Barron's interviews Christopher Wood, strategist at CLSA Asia-Pacific Markets and the author of the popular newsletter Greed & Fear. Some excerpts:
- There are few signs of a recovery in U.S. consumer demand and growth will likely be weak for an extended period of time. Banks may grow healthier but credit demand will stay depressed and we'll be facing a long period of deleveraging. The U.S. and Europe face the risk of liquidity traps.
- Wood's formal target on the S&P 500 is 1050 but he sees it falling below 875 in Q4 or next year.
- Asia and the emerging markets may see a modest correction but they stand out as the place to invest and their long-term prospects are good. Asia will be the biggest beneficiary of monetary easing in the U.S. and Europe. Rising trading volumes in Asia are in part because of increased domestic investor participation in the region.
- China, India and Brazil are all good choices. Investors should look at domestic themes in Asia and emerging markets, like financial services, real estate, and domestic infrastructure.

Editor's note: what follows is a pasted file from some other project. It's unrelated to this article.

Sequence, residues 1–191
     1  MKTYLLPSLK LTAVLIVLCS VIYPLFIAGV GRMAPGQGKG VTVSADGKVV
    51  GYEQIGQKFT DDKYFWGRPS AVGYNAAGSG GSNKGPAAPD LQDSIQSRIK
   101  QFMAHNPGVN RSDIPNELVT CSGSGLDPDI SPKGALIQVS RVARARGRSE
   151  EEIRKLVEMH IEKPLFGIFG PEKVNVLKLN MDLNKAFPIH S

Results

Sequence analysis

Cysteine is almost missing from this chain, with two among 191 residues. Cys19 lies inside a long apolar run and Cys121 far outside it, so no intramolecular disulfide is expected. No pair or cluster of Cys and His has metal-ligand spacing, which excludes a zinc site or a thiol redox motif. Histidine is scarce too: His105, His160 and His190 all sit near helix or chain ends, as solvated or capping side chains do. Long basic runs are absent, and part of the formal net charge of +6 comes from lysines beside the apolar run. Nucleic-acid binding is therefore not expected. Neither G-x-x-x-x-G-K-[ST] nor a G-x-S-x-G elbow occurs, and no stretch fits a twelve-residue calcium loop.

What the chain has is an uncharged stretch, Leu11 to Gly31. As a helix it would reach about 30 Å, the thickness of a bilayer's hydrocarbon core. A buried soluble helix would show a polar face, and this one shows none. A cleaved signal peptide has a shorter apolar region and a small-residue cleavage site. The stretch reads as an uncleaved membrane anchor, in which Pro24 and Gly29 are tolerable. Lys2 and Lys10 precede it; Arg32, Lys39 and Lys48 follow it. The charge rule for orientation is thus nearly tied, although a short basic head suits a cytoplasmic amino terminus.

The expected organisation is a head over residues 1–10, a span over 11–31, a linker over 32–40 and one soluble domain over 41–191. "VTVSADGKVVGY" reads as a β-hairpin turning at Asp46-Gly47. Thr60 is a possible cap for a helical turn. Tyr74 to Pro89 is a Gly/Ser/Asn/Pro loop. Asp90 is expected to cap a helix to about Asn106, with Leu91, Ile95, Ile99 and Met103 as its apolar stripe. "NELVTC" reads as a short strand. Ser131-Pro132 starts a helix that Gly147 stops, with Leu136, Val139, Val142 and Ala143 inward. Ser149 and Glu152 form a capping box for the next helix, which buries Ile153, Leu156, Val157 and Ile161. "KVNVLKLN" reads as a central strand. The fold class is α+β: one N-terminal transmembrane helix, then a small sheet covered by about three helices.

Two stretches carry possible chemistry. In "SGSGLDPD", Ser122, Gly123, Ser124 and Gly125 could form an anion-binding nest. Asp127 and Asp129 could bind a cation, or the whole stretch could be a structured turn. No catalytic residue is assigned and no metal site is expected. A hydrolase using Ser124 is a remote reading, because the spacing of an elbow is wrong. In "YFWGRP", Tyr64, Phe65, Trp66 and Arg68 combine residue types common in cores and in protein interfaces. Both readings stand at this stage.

- In China, the blue-chips are primarily state-owned enterprises. Firms like China Mobile (NYSE:CHL), China Life Insurance (NYSE:LFC) and PetroChina (NYSE:PTR) are all major players without competitive threats, although there is the risk of regulatory change.
- India is more similar to the U.S. style of stock market. Because of the competition and diversity of sectors, India is Wood's "favorite emerging-market equity story" and the place he would choose to invest if he were limited to one investment.
- The theory of decoupling isn't being fully revived. Instead, there's "macroeconomic, incremental decoupling" where growth in China and India slowed but not to the extent some forecasted. There's been "zero evidence" of stock market decoupling.
- Asia has outperformed but there's no asset bubble yet. However, "if you had not invested anything in Asia up to now and had $100 to invest, I'd only invest a third of the amount today, and the rest after a correction."
- Wood believes Asian currencies will appreciate long-term, another good reason to own the equities.
- Taiwan and China will eventually settle their hostilities, giving Taiwan a boost. "People should buy Taiwan on pullbacks if they don't already own it, and take a long-term bullish view of the NT$."
(The full interview is available here.)